Beverly NELSON, respondent, v. CITIWIDE AUTO LEASING, INC., appellant, et al., defendant.
In an action to recover damages for personal injuries, the defendant Citiwide Auto Leasing, Inc., appeals from an order of the Supreme Court, Queens County (D.Hart, J.), entered August 4, 2015, which denied its motion pursuant to CPLR 3211(a) to dismiss the complaint insofar as asserted against it, and granted the plaintiff's cross motion for leave to amend the complaint to add Erica T. Ames as a defendant.
ORDERED that the appeal from so much of the order as granted the plaintiff's cross motion is dismissed, as the appellant is not aggrieved thereby (see CPLR 5511); and it is further,
ORDERED that the order is affirmed insofar as reviewed; and it is further,
ORDERED that one bill of costs is awarded to the plaintiff.
In June 2012, the plaintiff commenced this action against Citiwide Auto Leasing, Inc. (hereinafter Citiwide), and “Jane Doe,” alleging that the plaintiff was struck and injured by a vehicle owned by Citiwide and that the operator of the vehicle left the scene of the accident. The plaintiff alleged, inter alia, that Citiwide was negligent in the maintenance of the vehicle.
Citiwide moved to dismiss the complaint insofar as asserted against it pursuant to CPLR 3211(a), asserting that the action is barred by 49 UCS § 30106 (hereinafter the Graves Amendment). In support, Citiwide submitted the affidavit of its claims manager, who averred that Citiwide is the owner of the vehicle involved in the alleged accident and that Citiwide is in the business of renting and leasing motor vehicles. The claims manager further averred that, upon searching the records of Citiwide, she found that the vehicle was maintained properly and that it was operating without defects or complaints. The claims manager did not provide any specific information about the maintenance record of the vehicle or indicate any dates as to when it had been serviced by Citiwide; Citiwide also did not provide any maintenance records or files in support of its motion.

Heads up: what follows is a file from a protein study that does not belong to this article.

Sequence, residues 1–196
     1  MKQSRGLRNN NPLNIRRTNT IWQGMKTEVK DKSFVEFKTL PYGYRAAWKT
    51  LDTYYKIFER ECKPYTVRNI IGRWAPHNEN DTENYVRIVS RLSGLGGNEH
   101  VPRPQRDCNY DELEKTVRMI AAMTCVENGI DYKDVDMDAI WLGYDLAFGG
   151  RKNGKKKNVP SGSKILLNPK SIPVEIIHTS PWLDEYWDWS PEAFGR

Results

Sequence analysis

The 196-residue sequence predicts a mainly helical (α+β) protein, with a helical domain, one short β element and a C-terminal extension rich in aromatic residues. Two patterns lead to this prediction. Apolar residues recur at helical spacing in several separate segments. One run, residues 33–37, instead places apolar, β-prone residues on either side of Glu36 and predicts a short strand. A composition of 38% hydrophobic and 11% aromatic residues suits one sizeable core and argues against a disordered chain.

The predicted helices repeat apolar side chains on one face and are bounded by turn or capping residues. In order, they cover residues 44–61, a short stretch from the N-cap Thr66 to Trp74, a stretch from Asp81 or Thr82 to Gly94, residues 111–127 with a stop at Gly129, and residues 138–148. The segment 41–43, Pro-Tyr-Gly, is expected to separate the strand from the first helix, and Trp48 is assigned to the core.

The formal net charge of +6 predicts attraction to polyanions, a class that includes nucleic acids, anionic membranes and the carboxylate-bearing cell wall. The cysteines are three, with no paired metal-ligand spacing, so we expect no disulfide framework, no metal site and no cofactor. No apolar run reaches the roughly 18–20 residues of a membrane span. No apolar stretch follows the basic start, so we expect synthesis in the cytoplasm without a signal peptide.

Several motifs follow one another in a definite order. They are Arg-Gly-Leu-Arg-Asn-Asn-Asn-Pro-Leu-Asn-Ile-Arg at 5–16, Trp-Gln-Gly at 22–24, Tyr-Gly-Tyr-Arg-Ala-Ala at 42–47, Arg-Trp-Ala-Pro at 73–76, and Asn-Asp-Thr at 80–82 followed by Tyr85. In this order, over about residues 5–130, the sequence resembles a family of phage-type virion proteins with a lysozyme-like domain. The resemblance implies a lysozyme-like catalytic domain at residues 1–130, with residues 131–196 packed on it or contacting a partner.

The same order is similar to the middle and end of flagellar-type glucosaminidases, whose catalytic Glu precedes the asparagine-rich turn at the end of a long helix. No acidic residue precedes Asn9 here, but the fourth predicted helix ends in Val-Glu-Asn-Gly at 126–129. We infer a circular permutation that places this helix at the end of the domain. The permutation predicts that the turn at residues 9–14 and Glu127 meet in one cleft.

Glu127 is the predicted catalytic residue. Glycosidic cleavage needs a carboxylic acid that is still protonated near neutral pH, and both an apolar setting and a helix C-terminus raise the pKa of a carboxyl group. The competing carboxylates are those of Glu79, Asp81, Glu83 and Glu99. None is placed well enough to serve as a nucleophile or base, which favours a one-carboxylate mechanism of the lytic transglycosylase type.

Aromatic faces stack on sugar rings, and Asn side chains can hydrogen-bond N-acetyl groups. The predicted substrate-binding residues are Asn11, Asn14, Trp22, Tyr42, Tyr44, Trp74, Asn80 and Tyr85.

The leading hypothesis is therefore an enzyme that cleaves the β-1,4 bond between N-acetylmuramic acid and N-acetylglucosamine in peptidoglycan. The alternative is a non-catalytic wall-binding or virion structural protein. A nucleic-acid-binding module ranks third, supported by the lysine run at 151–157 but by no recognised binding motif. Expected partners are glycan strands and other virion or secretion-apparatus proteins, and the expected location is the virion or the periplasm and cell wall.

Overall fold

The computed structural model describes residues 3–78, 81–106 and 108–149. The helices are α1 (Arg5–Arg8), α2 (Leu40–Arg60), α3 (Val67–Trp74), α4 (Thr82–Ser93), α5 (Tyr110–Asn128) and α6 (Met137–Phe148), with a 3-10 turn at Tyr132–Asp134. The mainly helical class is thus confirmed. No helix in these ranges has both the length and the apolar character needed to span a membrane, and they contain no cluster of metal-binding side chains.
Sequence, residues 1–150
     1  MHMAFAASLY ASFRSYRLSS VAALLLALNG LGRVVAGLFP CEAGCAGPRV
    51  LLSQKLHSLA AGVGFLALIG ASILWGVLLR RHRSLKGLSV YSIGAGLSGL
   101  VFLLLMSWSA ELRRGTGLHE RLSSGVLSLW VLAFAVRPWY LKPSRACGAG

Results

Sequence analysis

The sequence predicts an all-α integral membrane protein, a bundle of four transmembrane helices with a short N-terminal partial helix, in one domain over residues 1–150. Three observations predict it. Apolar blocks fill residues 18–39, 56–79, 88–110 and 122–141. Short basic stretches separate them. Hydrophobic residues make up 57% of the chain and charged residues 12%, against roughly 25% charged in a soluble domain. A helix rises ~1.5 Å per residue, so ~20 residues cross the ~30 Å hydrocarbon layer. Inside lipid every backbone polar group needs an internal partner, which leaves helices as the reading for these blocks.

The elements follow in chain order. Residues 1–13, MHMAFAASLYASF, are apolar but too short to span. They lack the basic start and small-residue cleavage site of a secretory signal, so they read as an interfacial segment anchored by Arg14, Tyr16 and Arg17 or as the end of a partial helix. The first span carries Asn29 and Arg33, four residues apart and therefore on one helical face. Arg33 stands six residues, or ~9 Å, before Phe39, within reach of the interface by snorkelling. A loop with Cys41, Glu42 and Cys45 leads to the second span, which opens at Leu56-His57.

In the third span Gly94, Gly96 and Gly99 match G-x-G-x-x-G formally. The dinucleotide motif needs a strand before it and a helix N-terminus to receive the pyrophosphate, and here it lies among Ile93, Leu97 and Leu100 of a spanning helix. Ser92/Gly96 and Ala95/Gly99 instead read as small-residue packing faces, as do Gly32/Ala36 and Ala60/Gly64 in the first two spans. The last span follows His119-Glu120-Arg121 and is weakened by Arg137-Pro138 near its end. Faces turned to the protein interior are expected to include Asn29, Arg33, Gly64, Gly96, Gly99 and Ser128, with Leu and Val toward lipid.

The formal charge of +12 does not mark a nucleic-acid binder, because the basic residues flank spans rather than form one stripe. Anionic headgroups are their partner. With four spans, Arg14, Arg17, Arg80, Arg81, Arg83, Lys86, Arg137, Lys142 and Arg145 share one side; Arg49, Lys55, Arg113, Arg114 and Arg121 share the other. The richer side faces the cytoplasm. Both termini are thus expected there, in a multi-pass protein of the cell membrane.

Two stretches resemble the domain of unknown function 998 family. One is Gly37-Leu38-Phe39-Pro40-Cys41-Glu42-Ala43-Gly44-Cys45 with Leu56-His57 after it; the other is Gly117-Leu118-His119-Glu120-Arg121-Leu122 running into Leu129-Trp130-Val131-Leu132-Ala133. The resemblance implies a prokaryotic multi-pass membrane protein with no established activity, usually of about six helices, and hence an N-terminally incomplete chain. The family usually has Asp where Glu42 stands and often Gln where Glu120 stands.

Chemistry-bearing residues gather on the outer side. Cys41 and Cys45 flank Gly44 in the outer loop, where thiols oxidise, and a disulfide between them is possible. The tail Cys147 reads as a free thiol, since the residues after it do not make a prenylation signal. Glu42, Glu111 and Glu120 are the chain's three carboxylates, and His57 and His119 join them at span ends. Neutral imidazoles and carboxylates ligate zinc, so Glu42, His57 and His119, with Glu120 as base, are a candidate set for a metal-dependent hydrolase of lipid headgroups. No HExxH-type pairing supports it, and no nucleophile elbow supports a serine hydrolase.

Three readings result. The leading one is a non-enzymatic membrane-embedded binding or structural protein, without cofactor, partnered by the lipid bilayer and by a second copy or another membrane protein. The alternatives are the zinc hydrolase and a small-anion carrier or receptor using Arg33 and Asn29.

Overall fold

The Supreme Court denied Citiwide's motion to dismiss and granted the plaintiff's cross motion to amend the complaint to add the individual who leased the vehicle from Citiwide as a defendant in the action.
On a motion to dismiss a complaint pursuant to CPLR 3211(a)(7) for failure to state a cause of action, the court must afford the pleading a liberal construction, accept all facts as alleged in the pleading to be true, accord the plaintiff the benefit of every possible favorable inference, and determine only whether the facts as alleged fit within any cognizable legal theory (see Leon v. Martinez, 84 N.Y.2d 83, 87–88). Moreover, where evidentiary material is submitted and considered on a motion to dismiss a complaint pursuant to CPLR 3211(a)(7), and the motion is not converted into one for summary judgment, the motion should not be granted unless it has been shown that a material fact as claimed by the plaintiff to be one is not a fact at all and unless it can be said that no significant dispute exists regarding it (see Guggenheimer v. Ginzburg, 43 N.Y.2d 268, 275; Coe v. Toyota Motor N. Am., Inc., 150 AD3d 667, 668; Anglero v. Hanif, 140 AD3d 905, 907).
The Graves Amendment provides that “the owner of a leased or rented motor vehicle cannot be held liable for personal injuries resulting from the use of such vehicle if the owner (i) is engaged in the trade or business of renting or leasing motor vehicles, and (ii) engaged in no negligence or criminal wrongdoing” (49 USC § 30106[a]; see Bravo v. Vargas, 113 AD3d 579, 580). “The legislative history of the Graves Amendment indicates that it was intended to ‘protect the vehicle rental and leasing industry against claims for vicarious liability where the leasing or rental company's only relation to the claim was that it was the technical owner of the [vehicle]’ “ (Cioffi v. S.M. Foods, Inc., 129 AD3d 888, 893, quoting Rein v. CAB East LLC, 2009 WL 1748905, *2, 2009 U.S. Dist LEXIS 52617, *6 [SD NY, June 22, 2009, No. 08 Civ 2899(PAC) ] ).
Here, there is no dispute that Citiwide is the owner of the vehicle involved in the alleged accident, and that Citiwide is in the business of renting and leasing motor vehicles. Nevertheless, the Supreme Court properly denied Citiwide's motion to dismiss, as the affidavit it submitted did not conclusively establish that there is no significant dispute as to the plaintiff's allegation of negligent maintenance (see Coe v. Toyota Motor N. Am., Inc., 150 AD3d at 668; Anglero v. Hanif, 140 AD3d at 907; see also Olmann v. Neil, 132 AD3d 744, 745–746).
Accordingly, Citiwide's motion to dismiss the complaint insofar as asserted against it was properly denied.